First, for an overview:
• The school's 700-plus faculty members last year disclosed 299 potential conflicts of interest related to their research, according to figures provided by Stanford.
• Potential conflicts occur throughout the school's ranks. More than a third of the school's administrators, department heads and other leaders -- at least 26 out of 67 reviewed by the Mercury News -- have reported outside financial interests related to their research within the last four years. These are scientists who are role models for junior faculty members and graduate students.
• Perhaps most important, seven of the 10 members of the school's conflicts of interest committee, which is responsible for enforcing the rules, have financial relationships with medical companies. Unlike a comparable committee at the University of California-San Francisco, Stanford's panel includes no outside volunteers.
And here are some telling anecdotes:
One researcher has founded six companies, most based on research that came out of his own lab. He is a managing partner of a venture capital firm focused on medical research and sits on the boards of several other companies. His role at the venture company was approved by the dean several years ago because he has no day-to-day management responsibilities. The researcher is a member of the school's conflict of interest committee.
One senior associate dean started a biotech company based on her federally sponsored lab work.
And the physician who until January chaired the department of gynecology and obstetrics is a longtime director of Wyeth, which manufactures controversial hormone replacement therapy for women -- therapy she defended in 2002 when potentially serious health risks were emerging.
Note that this information was not easy to obtain. Jacobs wrote:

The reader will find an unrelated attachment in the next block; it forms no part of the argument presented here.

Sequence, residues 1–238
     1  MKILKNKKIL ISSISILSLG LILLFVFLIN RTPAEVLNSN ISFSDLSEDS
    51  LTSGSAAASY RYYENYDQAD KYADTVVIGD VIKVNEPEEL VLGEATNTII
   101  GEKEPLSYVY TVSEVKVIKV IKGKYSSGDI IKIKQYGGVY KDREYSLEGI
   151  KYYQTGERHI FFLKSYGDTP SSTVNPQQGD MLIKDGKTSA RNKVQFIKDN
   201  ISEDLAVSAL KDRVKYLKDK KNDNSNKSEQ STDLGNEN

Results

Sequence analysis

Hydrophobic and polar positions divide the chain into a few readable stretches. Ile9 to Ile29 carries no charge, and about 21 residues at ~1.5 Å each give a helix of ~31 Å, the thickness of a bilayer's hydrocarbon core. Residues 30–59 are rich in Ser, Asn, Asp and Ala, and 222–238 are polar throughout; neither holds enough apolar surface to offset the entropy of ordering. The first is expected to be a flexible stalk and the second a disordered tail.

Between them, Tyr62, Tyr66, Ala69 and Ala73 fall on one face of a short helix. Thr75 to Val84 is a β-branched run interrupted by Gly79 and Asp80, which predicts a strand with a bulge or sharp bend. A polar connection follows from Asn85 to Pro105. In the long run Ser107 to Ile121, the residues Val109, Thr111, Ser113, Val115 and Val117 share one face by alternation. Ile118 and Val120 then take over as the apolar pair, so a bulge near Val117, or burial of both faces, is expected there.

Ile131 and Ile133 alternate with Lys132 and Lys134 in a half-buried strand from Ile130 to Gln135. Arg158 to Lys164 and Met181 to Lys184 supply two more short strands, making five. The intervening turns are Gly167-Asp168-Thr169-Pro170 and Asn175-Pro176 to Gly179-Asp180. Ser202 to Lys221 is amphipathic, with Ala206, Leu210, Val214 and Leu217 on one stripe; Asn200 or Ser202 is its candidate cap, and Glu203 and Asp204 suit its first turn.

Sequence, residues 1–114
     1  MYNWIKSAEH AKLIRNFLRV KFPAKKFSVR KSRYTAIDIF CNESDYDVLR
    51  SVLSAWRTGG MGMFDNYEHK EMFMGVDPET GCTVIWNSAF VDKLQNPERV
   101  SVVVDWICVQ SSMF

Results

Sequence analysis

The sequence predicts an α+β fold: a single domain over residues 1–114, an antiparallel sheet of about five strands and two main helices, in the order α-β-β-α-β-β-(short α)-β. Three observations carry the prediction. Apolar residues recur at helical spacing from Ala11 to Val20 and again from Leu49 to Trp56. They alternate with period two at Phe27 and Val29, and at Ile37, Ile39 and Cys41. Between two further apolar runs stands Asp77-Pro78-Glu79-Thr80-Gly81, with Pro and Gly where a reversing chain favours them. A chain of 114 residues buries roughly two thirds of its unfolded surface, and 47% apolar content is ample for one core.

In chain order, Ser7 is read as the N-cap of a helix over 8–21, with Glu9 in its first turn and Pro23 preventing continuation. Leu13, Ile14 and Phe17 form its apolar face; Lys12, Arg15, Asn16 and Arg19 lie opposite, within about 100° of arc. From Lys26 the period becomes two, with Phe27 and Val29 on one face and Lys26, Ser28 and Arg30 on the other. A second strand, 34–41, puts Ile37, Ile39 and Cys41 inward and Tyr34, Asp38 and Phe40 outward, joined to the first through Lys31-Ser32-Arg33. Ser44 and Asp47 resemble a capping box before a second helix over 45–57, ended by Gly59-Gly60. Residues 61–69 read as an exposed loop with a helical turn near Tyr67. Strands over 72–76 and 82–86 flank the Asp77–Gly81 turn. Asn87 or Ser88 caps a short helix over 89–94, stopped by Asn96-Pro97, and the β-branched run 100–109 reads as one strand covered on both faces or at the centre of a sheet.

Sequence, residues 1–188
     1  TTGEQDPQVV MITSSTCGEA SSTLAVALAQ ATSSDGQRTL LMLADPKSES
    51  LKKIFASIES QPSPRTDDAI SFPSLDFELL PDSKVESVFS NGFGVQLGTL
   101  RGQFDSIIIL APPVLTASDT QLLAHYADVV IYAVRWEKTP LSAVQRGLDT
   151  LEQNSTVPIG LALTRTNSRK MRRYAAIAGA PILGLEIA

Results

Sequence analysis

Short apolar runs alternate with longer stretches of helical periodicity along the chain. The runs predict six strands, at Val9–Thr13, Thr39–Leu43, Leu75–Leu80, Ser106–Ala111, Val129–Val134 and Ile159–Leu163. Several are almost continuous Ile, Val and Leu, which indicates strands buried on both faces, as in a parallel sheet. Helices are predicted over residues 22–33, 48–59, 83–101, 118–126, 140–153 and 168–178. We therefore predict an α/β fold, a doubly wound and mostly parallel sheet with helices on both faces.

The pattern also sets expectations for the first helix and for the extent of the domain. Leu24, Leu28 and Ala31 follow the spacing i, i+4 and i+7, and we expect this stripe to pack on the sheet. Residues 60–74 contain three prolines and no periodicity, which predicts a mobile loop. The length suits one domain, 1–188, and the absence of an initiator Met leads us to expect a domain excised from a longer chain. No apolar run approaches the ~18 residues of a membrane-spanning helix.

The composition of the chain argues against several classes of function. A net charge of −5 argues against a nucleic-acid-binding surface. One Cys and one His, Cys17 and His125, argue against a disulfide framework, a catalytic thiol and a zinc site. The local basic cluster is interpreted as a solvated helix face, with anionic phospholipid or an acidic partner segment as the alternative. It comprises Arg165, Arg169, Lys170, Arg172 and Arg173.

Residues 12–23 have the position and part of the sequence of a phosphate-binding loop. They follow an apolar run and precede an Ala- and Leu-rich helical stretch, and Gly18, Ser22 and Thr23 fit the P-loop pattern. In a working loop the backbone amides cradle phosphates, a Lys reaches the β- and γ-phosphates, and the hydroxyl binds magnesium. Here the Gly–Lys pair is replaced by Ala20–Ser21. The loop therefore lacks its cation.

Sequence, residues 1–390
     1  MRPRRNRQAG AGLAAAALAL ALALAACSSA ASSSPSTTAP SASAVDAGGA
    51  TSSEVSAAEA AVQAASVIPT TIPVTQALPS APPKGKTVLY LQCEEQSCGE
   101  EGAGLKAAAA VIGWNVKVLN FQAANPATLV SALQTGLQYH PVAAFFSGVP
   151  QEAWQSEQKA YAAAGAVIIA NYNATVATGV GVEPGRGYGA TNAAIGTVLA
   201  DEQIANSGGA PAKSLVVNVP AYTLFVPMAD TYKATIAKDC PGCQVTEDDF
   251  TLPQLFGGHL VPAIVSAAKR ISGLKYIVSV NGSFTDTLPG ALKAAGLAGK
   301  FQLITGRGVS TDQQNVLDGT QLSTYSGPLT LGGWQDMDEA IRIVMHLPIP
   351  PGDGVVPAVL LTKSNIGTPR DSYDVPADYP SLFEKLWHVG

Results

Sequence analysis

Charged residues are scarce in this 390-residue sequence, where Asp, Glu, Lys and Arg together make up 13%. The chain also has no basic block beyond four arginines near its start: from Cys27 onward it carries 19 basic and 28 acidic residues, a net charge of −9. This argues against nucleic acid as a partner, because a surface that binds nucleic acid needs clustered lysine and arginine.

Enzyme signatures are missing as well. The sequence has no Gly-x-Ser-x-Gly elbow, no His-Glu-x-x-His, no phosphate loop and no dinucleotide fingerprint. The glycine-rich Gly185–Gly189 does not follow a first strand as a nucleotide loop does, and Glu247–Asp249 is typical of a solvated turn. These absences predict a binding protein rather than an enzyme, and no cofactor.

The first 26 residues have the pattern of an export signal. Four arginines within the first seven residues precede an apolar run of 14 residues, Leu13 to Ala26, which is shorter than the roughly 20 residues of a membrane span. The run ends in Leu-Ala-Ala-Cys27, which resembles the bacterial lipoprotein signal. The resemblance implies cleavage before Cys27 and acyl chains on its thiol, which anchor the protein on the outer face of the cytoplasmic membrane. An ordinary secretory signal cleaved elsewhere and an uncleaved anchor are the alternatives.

To get information for this series, the Mercury News:Stanford's main response to conflicts of interest is to require disclosure, and if necessary, management.
• Obtained correspondence between the university and the National Institutes of Health for the past five years under the federal Freedom of Information Act.
• Searched medical journals, most of which require authors to disclose any conflicts when they publish an article, and disclosures accompanying speeches given at medical conferences.
• Reviewed corporate news releases and other documents filed with the Securities and Exchange Commission, which frequently list information about faculty members who are company founders, directors or scientific advisers.
Stanford medical school has a 10-member conflict of interest committee, created in 2001 to oversee how substantial conflicts that exceed certain thresholds are handled. All faculty members are required to disclose their financial relationships at least once a year. Those reports go to the school's conflicts manager, who determines which cases must go to the committee.Stanford admininstrators defended the University's approach to conflicts of interest. For example,
The committee does its work in secret.
'I'm not really sure where this wild West idea came from,' said Dr. Harry B. Greenberg, a senior associate dean for research. 'Very early on, Stanford has been associated with a lot of entrepreneurial activity and people may have equated the ability to carry out entrepreneurial activity with lack of oversight and regulation. I really don't think that has been the case.'Also,
[However,] Greenberg holds stock options in and is a consultant to MedImmune, which makes an influenza vaccine he is studying under a federal grant.
However, despite rules requiring prompt reporting of substantial conflicts, Stanford failed to report six grants to NIH until after the Mercury News asked NIH and Stanford earlier this year for documentation of conflicts. Med school spokesman Costello said the failure was an administrative error and that all the scientists followed Stanford's disclosure rules.I will let the reader be the judge of how convincing Greenberg's defense of how Standford handles conflicts of interest is. Some are skeptical, though.